This is not a walk for the faint-hearted, either the literal or the metaphorical kind. Although the outward journey is entirely on the coastal path, it has its downs and ups, from near a thousand feet to five hundred, back to a thousand feet, and then down to sea level. Then you do it all over again on the way home. Your reward is some stunning coastal scenery and a visit to one of the quirkiest pub buildings in the country.
We had set out a week earlier but had been forced to abort our mission when we couldn’t see in front of our faces because of dense fog and drizzle. Our intention had been to park on Trentishoe Down near the Glass Box, a bungalow with distinctive panoramic windows but, even though the house is only a few yards from the road, we never saw it.



Our patience was rewarded with a beautifully sunny autumn day with the air coming from the north, which made for spectacular views over the cliffs and the Bristol Channel. There is no problem finding your way on the coastal path. It is very clearly signed. Climbing down and up the sides of Sherrycombe, however, is a different matter.

The path has none of the zigzags of an alpine pass. It just goes straight down and straight up again. In places you might feel that it would be better to sit down on your bottom and toboggan down. Old and decrepit as we are, we crept with tiny sideways steps down the worst bits. We took a picture of the footbridge at the bottom as an excuse for a pause before tackling the other side. On the descent you tend to say, “I always think it’s worse going down a slope like this than climbing it.” On the ascent you tend to say nothing quite so silly as you are saving your breath to climb the wretched thing. Slowly but surely the path evened out and we reached the summit of Great Hangman, graced by a cairn of near Freudian proportions. Someone called Mike had borrowed some of the stones to trace his name in the grass. Well, he had climbed a thousand feet for the pleasure. The views, not surprisingly are stunning, both east, and then west towards Little Hangman, a grassy knoll on the edge of Combe Martin Bay. Lundy Island was a hazy presence on the horizon. Little Hangman is obviously a popular walk for Combe Martin visitors. There were plenty of people and their dogs climbing it from the footpath out of the village, but very few afterwards pressed on to Great Hangman. The call of Sunday lunch was too strong. From Little Hangman there are grand views across the bay. We ignored the siren call of footpaths leading directly into Combe Martin and clung to the coastal path. The path itself is not particularly rewarding – a graffiti plastered wooden pavilion was obviously popular with the local youth for one purpose or another – but it did deliver us into the village right by the beach. Combe Martin is a delightful spot, and on a warm, sunny day you could almost imagine swimming here - almost. Trapped between the sides of the combe, the village has one long street. Half way along it stands the Pack Of Cards. As one local assured us, “You can’t mistake it,” and you can’t. It was built in 1690 by George Ley to commemorate a major win at the card table. The original building had four floors to represent the four suits in the pack, thirteen rooms for each card in a suit, and fifty two windows and fifty two stairs, all on an area fifty two feet square. It has been extended since. By the early 1800’s it was no longer a private house but an inn called the “King’s Arms. In 1933 the pub officially adopted its colloquial name of “The Pack Of Cards”. The bar has a comfortable lived-in look with some pleasant wood panelling and furniture. One of the two columns which support a moulded ceiling grows out of the middle of a table. There were complimentary dishes of crisps, nuts and cubes of cheese on the counter, and a “Have you enjoyed your walk” from the lady behind the bar. We had two good pints of Courage Directors, not exactly an artisan brew but one worth drinking when you find it on draught. The alternative was Sharp’s Doom Bar. The pub does all the usual baguettes and jacket potatoes at the usual price as well as a Sunday roast.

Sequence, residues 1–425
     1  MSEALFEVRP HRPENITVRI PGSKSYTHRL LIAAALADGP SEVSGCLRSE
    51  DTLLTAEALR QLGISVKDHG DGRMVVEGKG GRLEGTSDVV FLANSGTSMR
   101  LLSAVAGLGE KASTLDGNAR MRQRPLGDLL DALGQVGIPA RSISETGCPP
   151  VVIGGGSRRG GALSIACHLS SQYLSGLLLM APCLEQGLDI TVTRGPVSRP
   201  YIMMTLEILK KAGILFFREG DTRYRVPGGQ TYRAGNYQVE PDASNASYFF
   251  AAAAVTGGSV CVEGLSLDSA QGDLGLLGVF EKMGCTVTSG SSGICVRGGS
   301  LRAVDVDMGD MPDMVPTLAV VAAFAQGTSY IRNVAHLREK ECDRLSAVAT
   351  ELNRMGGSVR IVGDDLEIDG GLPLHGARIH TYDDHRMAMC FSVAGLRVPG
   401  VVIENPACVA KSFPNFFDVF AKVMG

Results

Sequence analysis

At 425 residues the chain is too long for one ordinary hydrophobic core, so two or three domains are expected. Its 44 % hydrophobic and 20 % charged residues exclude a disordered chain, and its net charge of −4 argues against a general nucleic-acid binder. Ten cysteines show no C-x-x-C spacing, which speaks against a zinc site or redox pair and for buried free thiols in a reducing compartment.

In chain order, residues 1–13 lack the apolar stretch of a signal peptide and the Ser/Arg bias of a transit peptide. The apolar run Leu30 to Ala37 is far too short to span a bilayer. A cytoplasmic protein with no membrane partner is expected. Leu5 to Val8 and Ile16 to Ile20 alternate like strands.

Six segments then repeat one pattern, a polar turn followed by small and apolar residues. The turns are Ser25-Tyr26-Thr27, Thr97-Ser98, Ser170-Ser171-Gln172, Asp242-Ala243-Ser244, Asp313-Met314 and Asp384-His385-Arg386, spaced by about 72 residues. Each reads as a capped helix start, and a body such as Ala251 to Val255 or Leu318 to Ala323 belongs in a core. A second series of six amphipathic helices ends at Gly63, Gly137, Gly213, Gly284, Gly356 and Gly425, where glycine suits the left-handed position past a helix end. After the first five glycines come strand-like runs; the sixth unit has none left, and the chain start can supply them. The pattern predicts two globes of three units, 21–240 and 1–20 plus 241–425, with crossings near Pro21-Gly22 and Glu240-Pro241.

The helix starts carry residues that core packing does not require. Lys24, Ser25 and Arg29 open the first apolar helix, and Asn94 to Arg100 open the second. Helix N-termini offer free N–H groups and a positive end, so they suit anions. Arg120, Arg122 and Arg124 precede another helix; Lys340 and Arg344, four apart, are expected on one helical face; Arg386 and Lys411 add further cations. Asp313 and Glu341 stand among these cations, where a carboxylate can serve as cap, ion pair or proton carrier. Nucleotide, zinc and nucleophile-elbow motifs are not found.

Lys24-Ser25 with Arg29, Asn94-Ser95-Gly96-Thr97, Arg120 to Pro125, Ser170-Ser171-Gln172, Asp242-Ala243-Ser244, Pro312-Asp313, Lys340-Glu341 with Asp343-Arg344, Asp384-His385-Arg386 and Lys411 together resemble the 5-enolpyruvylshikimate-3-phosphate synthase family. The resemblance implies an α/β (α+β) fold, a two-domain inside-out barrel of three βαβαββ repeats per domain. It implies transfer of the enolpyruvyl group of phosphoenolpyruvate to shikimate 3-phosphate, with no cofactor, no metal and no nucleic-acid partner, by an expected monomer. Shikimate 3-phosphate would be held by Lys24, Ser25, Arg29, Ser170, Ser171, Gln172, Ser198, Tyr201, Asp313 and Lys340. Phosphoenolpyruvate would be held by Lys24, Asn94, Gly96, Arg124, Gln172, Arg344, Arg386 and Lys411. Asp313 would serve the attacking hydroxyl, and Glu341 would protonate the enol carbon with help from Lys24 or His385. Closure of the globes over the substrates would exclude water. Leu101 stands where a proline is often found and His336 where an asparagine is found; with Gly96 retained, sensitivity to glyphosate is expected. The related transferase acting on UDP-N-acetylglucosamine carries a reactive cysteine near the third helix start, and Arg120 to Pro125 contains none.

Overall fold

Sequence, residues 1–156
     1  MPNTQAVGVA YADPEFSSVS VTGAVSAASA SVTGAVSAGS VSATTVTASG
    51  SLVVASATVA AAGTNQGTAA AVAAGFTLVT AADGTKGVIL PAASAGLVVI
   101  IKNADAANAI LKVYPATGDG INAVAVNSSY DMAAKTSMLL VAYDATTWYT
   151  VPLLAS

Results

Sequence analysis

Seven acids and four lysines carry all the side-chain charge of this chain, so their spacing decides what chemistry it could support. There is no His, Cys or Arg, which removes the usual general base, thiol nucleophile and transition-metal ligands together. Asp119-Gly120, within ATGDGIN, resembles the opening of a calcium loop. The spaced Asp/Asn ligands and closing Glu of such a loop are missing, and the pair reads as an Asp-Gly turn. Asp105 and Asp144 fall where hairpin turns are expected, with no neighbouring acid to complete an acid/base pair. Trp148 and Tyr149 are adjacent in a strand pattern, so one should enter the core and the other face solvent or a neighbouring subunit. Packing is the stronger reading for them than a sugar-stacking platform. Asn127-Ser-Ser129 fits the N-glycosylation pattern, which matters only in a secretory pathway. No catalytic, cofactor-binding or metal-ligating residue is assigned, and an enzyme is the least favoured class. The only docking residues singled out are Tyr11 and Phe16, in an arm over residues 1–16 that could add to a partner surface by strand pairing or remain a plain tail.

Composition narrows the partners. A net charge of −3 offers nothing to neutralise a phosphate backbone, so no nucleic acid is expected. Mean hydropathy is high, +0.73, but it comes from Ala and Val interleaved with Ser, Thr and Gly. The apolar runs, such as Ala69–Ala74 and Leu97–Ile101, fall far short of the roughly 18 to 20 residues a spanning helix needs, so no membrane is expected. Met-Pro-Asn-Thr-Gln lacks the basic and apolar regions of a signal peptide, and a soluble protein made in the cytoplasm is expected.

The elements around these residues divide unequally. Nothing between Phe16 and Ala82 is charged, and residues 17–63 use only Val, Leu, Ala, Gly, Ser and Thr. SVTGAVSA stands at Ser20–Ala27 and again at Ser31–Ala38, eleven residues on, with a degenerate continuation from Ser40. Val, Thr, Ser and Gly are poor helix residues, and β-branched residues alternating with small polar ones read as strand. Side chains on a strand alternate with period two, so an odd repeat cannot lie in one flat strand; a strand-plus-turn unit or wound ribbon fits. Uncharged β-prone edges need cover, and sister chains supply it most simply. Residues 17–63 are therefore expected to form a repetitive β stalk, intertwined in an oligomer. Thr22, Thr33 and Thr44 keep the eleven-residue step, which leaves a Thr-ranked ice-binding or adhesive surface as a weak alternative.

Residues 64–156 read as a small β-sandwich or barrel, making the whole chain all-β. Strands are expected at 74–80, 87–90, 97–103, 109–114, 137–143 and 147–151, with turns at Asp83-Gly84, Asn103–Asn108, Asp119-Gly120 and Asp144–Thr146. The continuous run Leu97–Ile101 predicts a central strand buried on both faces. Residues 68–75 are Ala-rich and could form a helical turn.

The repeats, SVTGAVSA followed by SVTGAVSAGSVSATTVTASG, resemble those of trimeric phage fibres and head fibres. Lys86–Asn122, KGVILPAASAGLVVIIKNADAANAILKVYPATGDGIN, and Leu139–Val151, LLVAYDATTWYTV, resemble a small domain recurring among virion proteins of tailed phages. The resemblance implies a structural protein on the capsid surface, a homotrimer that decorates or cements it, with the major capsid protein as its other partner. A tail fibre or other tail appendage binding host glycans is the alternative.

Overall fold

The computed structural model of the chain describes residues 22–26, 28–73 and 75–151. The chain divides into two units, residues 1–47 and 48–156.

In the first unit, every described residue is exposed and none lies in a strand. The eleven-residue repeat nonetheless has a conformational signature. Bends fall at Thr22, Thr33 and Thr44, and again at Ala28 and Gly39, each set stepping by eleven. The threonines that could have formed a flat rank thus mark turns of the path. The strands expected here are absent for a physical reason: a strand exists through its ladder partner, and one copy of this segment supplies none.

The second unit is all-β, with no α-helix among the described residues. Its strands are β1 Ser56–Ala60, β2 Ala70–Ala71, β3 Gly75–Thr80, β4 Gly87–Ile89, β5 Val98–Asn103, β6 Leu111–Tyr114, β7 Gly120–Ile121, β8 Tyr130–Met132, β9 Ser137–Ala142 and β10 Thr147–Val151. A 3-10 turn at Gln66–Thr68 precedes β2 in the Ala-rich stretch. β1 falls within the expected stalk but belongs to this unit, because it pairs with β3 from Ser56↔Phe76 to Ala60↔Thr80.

We crossed the road and by the post office took a lane upwards through the village. Where the houses ended, we came to a T junction. Here we turned right into a farm track and followed it before taking the first left. This track took us up a long steep climb with good views of the bay behind us. Eventually we passed Silver Mines Farm on our right. The remains of Combe Martin’s last working silver mine are a little further with some of its chimney still standing. It was abandoned in 1875. There was a royal silver mine in Combe Martin by 1292, and you will find some of the village’s silver in the Crown Jewels. Without ever being a California or a Nevada, Combe Martin sporadically produced quite a chunk of silver over the centuries.
When we reached a metalled road, we turned left and then right along the driveway to Girt Down Farm. We passed round the edge of the farm and then the track took us through the fields and out on to Girt Down where we met the coastal path again. As we took a breather before turning right towards the truck, watching the odd walker puffing up out of Sherrycombe, a sparrow hawk raced round the corner of a wall.